Strategy and Ethics: Pilkington PLC

  • Tom Sorell


In the late 1950s the directors of the glass-makers Pilkington had to decide how to introduce to the world market an extremely advanced manufacturing process. The process — for making plate glass on a float line — had been developed at considerable risk and expense over most of the preceding 10 years. It enabled the firm, if it wished, to cut the costs of manufacturing high quality plate glass to such an extent that an unassailable advantage could be secured over competitors. Pilkington had the choice of keeping the process to itself or making it available under license to the rest of the glass industry in return for royalty income. It decided in favour of licensing, partly because it seemed morally the better thing to do. Lord Pilkington recalled later that during the deliberations of the Directors’ Flat Glass Committee

A great deal was said about ethics: that it was not our job to deliberately deny any existing glass competitor the opportunity of living in competition with us. I don’t think we were short-sighted or rapacious.… There was a great deal of investment worldwide in plate, and people needed to have time to write off this plant or convert over. The alternative was chaotic disruption of a great industry.1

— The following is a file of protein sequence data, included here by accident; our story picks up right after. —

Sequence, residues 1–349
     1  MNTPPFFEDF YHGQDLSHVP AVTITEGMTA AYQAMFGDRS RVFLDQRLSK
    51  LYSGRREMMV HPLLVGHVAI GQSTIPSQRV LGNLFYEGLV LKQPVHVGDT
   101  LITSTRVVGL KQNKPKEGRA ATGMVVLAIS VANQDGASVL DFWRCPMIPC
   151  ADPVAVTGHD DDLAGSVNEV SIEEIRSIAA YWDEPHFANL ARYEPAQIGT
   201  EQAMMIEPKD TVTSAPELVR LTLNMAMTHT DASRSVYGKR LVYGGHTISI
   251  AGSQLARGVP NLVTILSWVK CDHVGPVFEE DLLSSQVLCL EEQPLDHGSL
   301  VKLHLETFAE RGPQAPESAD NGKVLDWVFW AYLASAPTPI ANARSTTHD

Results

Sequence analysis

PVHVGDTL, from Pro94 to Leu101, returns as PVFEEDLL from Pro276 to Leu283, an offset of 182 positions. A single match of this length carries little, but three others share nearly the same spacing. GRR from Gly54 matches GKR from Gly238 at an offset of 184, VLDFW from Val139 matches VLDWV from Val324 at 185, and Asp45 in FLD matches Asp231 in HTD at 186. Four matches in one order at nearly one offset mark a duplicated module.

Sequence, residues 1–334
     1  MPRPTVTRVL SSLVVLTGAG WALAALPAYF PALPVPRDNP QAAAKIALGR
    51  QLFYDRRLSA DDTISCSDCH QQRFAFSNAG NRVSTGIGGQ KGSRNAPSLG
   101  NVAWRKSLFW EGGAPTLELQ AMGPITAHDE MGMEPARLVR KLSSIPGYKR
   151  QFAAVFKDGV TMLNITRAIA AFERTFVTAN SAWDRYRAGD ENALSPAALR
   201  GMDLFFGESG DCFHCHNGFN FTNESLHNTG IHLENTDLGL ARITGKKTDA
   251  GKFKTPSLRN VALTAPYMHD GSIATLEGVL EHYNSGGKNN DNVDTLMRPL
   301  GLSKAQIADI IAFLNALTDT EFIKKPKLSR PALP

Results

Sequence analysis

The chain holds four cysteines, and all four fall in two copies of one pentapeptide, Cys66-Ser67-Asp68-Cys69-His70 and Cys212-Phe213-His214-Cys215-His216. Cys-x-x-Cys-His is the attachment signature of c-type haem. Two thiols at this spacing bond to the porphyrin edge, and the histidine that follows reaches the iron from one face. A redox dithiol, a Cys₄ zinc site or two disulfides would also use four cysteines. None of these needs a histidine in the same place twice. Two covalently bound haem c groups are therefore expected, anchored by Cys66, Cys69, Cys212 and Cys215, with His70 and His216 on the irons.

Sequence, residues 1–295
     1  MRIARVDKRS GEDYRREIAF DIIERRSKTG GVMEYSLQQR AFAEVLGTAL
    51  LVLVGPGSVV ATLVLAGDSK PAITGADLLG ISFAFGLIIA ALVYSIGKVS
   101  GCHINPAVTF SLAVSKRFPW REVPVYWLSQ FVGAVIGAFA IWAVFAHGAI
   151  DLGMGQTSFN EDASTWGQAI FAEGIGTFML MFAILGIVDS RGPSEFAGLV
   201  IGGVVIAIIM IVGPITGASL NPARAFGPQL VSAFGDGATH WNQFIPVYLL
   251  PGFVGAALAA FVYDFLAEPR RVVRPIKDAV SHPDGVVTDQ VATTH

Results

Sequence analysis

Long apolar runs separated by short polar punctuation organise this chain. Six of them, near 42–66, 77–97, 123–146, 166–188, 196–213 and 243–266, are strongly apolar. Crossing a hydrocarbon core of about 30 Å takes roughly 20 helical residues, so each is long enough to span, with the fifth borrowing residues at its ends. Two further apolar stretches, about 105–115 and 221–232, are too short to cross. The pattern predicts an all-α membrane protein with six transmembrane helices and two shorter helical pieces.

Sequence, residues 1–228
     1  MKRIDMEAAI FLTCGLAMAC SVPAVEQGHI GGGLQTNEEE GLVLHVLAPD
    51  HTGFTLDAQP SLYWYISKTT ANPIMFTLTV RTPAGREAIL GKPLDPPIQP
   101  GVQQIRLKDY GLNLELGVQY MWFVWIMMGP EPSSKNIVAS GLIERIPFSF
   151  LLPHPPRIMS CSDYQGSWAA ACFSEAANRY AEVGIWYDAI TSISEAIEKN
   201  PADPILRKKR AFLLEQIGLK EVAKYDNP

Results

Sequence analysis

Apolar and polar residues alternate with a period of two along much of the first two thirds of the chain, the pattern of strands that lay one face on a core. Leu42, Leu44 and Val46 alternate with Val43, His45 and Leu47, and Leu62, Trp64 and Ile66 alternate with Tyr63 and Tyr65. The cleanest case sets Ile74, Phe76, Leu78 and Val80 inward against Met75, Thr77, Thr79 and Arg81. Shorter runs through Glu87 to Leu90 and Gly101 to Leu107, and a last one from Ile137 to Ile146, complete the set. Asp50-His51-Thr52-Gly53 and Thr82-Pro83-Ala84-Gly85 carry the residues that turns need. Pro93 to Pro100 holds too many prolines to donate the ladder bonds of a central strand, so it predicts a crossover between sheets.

The directors of Pilkington felt a responsibility not to disrupt ‘a great industry’ and they considered the unilateral introduction of their own world-beating process to be disruptive.


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  1. 1.
    Quoted in the case study on Pilkington Brothers PLC in Quinn, J. B., Mintzberg, H. and James, R. M., The Strategy Process: Concepts, Contexts and Cases (Englewood Cliffs, New Jersey: Prentice-Hall International, 1988) p. 789.Google Scholar

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© Macmillan Publishers Limited 1989

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  • Tom Sorell

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